By Jeffrey B. Remz, September 1999
"I imagine not a lot of people heard it. I wanted the world a chance to hear something I had done that wasn't calculated. It wasn't thought out. It wasn't anything. It was just music, and it happened."
"You put the blindfold on, you play what's in your heart, you roll the tape." People work so hard to get things perfect - what they believe to be perfect. What's necessarily perfect for some people isn't necessarily people for others."
Parnell, who grew up on a ranch as a neighbor of the King of Western Swing, Bob Wills, says he was most surprised about the success of "Heart's Desire."
"I wrote that for fun," Parnell says. "I wrote it for my little girl because they were dancing to this little groove that I had going. Then, it turned out to be the biggest song we've ever had. Just goes to show...if they let you get in the game with something you do naturally and you do it from the heart, you're probably going to win. The problem is getting into game."
"To me, it sounded like a Memphis R&B classic," he says. "It didn't sound like 'Friends in Low Places.' It didn't sound that way. But guess what."
And what song most surprised Parnell in not becoming a hit.
"Back in My Arms Again," which Kenny Chesney cut too. "I felt like that was a hit. There's a song of mine that I think still could be a hit for somebody, 'Night After Night' (from "Love Without Mercy"). I think that's one of the finest pieces I've ever written."
Another surprise was the failure of "Lucky Me, Lucky You." "It really surprised me when it wasn't a hit, but it was in England." Parnell says he has attracted a good following in Europe despite having played a grand total of one show there. None of the songs is on the new album.
Acknowledging his difficulty in getting radio play nowadays, Parnell has turned his attention elsewhere - movies and the blues.
Parnell spent the day of the interview writing a song with Mike Reid for an upcoming Farrelly Brothers movie "Unconditional Love," starring Kathy Bates.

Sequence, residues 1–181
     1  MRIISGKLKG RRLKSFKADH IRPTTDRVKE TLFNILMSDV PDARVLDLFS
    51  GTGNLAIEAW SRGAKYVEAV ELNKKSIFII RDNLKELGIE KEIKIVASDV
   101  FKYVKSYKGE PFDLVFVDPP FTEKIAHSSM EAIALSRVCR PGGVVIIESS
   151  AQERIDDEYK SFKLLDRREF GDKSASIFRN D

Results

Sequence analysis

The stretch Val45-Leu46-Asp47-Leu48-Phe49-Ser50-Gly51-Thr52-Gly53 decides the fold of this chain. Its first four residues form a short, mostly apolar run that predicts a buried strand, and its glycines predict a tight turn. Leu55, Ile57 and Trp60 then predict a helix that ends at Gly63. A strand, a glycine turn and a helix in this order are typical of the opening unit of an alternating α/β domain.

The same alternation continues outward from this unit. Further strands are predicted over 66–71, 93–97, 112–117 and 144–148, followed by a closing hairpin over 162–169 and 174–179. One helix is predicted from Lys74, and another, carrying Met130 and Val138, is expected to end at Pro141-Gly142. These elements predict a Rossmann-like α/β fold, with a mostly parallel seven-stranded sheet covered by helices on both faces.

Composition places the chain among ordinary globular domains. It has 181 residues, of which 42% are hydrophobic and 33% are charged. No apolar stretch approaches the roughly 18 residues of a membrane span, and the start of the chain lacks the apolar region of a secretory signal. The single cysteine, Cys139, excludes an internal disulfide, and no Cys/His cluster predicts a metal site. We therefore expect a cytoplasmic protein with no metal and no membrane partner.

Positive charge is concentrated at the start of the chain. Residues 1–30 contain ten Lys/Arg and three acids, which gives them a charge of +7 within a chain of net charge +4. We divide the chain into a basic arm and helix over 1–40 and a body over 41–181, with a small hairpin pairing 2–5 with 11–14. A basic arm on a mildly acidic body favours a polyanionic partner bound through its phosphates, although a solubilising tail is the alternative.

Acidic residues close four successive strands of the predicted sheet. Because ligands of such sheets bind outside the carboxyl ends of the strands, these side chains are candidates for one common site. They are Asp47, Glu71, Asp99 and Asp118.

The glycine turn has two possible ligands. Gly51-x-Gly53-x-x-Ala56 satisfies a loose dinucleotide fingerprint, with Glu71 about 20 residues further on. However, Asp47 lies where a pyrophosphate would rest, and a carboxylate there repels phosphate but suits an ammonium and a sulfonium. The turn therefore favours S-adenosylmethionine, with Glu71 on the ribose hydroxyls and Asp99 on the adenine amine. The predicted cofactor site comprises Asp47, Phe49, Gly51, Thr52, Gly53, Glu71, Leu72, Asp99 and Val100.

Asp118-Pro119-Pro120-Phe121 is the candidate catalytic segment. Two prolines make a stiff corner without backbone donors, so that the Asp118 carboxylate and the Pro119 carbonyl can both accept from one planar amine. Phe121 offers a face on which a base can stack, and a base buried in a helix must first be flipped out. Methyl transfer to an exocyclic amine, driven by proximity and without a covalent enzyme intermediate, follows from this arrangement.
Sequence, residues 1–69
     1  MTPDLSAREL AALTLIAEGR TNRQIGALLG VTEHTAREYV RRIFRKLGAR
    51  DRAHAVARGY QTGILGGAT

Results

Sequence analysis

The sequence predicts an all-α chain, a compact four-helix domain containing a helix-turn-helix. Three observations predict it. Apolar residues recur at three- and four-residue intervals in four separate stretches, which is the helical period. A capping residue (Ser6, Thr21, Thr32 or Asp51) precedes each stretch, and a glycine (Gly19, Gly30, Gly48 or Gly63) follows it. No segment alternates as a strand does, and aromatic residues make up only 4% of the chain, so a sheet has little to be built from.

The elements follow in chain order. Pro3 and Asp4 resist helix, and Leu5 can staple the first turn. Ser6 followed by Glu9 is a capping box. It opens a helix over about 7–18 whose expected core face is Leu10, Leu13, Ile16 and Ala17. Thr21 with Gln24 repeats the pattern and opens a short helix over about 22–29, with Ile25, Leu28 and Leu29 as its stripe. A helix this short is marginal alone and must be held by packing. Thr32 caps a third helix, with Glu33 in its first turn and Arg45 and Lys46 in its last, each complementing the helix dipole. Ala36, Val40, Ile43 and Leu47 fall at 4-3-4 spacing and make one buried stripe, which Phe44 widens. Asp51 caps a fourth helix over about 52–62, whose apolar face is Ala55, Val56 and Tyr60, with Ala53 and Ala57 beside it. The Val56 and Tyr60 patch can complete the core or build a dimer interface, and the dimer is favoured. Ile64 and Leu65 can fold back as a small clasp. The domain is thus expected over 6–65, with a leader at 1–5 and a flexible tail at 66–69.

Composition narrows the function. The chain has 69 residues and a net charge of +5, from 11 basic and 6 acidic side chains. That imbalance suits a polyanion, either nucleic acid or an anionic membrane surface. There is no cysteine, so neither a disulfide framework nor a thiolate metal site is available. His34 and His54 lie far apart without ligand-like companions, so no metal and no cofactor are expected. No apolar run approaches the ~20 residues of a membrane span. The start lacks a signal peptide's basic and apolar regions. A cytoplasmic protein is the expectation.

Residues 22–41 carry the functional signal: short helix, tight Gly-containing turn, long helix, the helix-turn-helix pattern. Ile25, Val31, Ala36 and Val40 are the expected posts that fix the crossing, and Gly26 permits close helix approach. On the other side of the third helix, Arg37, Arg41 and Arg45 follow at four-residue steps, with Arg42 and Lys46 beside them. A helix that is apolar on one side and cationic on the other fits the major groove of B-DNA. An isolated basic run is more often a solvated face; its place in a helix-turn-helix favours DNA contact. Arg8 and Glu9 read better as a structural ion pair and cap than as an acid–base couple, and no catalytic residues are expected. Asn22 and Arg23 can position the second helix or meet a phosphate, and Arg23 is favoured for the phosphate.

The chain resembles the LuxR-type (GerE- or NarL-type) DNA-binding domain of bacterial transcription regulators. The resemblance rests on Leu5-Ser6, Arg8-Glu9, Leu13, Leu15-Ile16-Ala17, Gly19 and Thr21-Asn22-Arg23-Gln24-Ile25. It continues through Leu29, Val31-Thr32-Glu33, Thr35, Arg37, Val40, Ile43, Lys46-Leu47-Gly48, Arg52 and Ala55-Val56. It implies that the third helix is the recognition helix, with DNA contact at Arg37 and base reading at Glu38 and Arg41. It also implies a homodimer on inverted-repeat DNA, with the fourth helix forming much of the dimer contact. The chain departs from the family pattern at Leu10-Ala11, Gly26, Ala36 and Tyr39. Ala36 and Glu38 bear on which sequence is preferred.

"I'm finding it to be satisfying," says Parnell of soundtrack work. "I don't find the constraints. In the last couple of years, country radio has not left room for guys with edge. If you got an edge, they kind of edged you out."
"I don't think anybody does," Parnell says. "Most of the big stations have been bought up by these consolidated whatever they are. They've got two or three consultants telling them what to play. I find it hard to believe that a guy in San Francisco is going to be able to tell someone in Boston to play (a song)."
'I think it's part of the homogeneousness of America that's going on," he says. "I hate to see that happening."
"With these soundtracks, it's okay if my guitar tracks are two minutes long," Parnell says. "It's okay if I write something that sounds like a Tony Bennett song, and I write something that sounds like a Rolling Stones song. It's okay."
A song Parnell recorded with blues artist Keb Mo' appears on the "Happy, Tex." soundtrack. Julia Roberts' "Undying Love" included "Oughta Be a Law," from his first album. "One Foot in Front of the Other" was on the "Varsity Blues" soundtrack.
Parnell got the bug for soundtrack work after a trip this past March to Havana as part of a cultural exchange to write songs with Cuban musicians. He met a woman who places music in movies and encouraged him to do so.
"I began submitting music to them, spending more time in Los Angeles and less time in Nashville," says Parnell.
"There's a trend going on - those of us being pro-active with our music see a need to stretch out beyond the city limits of Nashville, Tenn.," says Parnell. "Mike (Reid) goes to New York. I've gone to Los Angeles. I've been spending about half my time out there."
As for the blues, Parnell plans on that becoming a more active part of his music. He always has maintained a bluesy edge to his country, made all the more obvious given his fluid slide guitar playing, probably one of the most recognizable sounds in country.
"The next Lee Roy Parnell record I make will be more blues based," he says. "I don't know that I'm going to come right out and make a blues record, but that side of me will be much more prevalent of me in the future. Much more prevalent."
"I've always had the reigns on me to fit into country radio. Now they don't seem to want to play me, it doesn't seem to do any good to fit in their little format. It's a big world out there. To tell you the truth, I'm sort of glad that this has all come down the way it has because it's freed me up to let me do other things I've always wanted to do."